In many ways the Sukhoi Superjet has achieved what its creators set out to do. It is a five-abreast, 100-seat aircraft with reasonable economics that stands apart from rivals in terms of cabin width and comfort. It is also something unique: Russia’s first Western airliner.

What it has not done is sold in sufficient numbers to be counted a success. Although 100 have been produced, until a few weeks ago, just one Western airline had committed in six years, and Moscow has had to financially bail out Sukhoi Civil Aircraft.

With a feeble rouble, paying for that European and North American equipment has become pricier. The relationship between Sukhoi and Alenia Aermacchi was also strained before the outbreak of wider political tensions between Russia and Europe over Ukraine.

CityJet’s 15-aircraft order will not rescue the programme in itself, but the Irish airline’s deal represents a breakthrough. SuperJet International sees huge potential in Europe and CityJet’s endorsement could give other wavering carriers confidence to commit.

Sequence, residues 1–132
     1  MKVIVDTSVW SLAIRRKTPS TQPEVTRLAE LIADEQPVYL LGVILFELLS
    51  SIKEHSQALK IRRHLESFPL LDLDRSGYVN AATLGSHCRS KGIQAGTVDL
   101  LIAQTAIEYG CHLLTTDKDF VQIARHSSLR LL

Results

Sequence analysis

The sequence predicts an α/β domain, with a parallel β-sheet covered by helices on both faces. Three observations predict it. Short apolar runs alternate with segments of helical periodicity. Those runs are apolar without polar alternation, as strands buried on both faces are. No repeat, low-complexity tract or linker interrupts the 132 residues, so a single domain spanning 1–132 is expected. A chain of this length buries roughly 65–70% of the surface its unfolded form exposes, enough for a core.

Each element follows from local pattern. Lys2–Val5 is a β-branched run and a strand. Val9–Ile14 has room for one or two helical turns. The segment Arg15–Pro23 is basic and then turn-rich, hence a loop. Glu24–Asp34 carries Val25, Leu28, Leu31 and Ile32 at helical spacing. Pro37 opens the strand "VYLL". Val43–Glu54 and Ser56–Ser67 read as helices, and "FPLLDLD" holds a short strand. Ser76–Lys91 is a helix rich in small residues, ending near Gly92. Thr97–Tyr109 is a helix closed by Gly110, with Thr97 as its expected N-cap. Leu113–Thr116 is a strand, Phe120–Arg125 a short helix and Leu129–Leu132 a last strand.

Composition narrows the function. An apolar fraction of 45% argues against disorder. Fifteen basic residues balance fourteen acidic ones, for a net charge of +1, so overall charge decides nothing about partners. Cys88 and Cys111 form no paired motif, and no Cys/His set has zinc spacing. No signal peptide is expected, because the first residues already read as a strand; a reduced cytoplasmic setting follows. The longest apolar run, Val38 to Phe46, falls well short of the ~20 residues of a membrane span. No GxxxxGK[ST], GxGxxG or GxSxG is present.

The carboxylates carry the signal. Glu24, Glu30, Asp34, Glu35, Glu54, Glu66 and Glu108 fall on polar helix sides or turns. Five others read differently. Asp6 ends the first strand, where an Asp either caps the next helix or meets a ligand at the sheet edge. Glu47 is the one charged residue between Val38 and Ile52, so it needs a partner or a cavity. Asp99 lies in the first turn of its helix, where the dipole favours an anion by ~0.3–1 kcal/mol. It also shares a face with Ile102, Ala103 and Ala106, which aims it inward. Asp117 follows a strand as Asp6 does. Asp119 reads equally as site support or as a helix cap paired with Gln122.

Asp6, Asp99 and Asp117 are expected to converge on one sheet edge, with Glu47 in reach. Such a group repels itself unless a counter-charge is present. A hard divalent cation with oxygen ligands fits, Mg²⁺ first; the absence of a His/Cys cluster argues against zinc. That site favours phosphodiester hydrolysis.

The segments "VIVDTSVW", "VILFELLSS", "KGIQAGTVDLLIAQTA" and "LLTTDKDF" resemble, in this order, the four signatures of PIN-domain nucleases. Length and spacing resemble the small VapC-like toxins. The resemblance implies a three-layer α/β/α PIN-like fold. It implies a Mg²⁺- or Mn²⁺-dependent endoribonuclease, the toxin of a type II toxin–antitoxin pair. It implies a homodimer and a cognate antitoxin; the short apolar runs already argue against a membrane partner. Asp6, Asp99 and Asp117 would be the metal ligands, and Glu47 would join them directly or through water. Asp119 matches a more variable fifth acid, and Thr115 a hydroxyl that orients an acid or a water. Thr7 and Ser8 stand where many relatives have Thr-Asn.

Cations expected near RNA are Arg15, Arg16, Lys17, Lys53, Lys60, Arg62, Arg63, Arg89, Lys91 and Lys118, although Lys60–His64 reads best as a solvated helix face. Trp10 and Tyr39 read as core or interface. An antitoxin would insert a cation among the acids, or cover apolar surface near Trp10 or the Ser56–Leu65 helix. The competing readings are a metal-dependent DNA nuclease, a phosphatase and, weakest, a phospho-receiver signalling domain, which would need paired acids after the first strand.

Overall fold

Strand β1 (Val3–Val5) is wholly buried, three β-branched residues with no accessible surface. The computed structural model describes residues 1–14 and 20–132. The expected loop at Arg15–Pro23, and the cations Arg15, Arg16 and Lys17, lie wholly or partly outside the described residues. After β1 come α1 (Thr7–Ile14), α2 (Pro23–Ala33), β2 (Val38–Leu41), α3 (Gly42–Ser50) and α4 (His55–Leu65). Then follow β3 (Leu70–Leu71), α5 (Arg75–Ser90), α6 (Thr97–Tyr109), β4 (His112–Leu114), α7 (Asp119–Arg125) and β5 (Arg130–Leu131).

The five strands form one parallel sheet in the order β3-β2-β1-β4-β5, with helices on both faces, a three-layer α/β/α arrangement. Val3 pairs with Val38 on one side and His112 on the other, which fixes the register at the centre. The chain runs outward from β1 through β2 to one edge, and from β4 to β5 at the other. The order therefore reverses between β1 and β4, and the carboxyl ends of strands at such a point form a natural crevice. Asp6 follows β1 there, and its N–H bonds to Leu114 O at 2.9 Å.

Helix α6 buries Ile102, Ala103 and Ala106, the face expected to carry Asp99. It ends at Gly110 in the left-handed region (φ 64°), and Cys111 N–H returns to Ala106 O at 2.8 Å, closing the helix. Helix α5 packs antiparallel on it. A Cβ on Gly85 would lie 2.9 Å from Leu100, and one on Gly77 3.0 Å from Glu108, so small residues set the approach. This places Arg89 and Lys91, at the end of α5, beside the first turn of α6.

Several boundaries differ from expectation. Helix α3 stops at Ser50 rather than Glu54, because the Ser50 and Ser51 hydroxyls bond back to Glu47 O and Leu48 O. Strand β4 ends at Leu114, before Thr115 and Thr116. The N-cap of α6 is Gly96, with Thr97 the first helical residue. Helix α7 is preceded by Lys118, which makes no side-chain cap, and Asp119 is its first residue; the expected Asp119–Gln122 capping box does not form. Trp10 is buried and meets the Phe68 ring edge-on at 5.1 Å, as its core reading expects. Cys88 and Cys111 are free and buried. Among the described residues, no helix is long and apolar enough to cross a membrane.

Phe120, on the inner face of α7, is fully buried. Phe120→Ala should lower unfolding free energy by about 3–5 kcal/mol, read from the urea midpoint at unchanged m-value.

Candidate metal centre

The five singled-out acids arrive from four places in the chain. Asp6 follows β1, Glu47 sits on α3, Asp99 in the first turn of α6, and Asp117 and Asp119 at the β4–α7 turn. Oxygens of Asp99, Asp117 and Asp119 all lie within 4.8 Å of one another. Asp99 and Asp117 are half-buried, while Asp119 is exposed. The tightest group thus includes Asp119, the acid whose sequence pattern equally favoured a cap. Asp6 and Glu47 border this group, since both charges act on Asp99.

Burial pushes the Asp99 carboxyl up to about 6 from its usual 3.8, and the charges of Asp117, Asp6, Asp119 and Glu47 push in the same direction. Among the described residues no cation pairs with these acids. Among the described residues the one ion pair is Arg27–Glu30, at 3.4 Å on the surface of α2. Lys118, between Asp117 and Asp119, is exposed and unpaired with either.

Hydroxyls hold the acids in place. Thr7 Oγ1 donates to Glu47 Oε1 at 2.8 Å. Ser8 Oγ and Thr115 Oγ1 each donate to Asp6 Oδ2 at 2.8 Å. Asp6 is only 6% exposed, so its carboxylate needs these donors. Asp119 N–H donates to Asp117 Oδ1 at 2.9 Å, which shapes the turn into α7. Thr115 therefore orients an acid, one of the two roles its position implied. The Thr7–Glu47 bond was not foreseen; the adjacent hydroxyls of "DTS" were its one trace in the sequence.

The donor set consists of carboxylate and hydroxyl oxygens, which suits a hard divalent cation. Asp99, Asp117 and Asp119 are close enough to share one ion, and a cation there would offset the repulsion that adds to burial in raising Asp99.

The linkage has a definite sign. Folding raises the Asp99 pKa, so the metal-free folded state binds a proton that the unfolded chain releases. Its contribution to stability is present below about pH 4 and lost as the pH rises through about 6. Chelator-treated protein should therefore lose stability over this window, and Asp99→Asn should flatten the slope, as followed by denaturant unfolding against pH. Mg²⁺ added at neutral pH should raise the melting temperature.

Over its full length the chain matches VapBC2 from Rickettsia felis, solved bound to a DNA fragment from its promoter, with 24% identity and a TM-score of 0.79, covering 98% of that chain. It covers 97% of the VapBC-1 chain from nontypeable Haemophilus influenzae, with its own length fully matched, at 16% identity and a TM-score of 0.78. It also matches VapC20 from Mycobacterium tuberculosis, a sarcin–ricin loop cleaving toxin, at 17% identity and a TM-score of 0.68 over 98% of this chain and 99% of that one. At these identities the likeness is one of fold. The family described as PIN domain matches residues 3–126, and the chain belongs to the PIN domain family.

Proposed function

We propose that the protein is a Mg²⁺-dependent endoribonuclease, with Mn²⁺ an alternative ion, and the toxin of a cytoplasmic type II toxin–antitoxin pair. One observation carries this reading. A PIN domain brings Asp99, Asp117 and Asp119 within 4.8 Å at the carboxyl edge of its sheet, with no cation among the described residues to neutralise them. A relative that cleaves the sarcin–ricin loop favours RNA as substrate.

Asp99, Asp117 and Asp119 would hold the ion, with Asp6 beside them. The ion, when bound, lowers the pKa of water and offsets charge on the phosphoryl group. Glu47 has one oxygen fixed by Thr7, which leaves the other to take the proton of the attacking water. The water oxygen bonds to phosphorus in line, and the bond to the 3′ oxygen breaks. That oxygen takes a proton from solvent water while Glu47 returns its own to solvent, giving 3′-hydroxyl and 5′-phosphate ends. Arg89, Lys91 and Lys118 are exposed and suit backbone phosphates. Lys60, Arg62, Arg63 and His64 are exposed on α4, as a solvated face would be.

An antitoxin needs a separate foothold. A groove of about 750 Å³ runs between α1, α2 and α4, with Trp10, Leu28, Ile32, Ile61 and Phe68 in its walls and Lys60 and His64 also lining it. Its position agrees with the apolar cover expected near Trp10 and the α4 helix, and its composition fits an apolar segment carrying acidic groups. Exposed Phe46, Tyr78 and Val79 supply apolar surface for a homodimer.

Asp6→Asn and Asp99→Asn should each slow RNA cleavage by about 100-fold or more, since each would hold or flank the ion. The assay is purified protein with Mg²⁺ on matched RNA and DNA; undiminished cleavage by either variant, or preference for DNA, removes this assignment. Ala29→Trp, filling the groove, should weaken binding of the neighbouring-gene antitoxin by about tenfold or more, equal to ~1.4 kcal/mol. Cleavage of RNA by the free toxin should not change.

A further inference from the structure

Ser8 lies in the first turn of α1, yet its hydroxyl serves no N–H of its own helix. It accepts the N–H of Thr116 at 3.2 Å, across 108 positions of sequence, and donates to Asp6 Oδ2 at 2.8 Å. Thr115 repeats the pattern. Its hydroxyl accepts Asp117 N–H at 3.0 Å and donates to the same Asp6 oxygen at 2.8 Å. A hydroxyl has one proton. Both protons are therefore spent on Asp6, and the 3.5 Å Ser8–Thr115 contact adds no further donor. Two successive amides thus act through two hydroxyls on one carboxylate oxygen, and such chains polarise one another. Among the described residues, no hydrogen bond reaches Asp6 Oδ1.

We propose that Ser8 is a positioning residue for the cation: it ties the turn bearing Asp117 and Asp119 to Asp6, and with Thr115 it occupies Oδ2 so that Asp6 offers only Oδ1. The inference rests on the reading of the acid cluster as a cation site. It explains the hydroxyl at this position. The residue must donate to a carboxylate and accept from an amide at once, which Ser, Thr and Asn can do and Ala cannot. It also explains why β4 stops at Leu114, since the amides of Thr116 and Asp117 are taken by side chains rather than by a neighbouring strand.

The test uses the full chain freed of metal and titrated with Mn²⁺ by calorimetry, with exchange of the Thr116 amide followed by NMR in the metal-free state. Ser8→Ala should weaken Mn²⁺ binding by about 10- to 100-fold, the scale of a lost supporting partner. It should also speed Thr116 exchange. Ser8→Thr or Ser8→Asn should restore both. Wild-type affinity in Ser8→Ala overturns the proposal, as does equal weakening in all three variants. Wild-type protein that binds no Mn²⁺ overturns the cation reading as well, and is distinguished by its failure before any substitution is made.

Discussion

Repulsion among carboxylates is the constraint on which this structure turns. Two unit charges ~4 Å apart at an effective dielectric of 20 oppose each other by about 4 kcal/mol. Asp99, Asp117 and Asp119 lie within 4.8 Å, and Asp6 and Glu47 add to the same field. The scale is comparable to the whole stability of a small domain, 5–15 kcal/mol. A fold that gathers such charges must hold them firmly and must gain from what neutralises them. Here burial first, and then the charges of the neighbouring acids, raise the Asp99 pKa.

The lull before Embraer’s E-Jet E2 raises the performance bar is key. Sukhoi must resist temptation to cut costs by replacing Western suppliers with Russian ones. That would kill at a stroke prospects in the West. Instead, the partners must focus on developing a larger variant and boosting engine performance. Only that way can the Superjet remain a serious contender.


Coming to Europe

Superjet International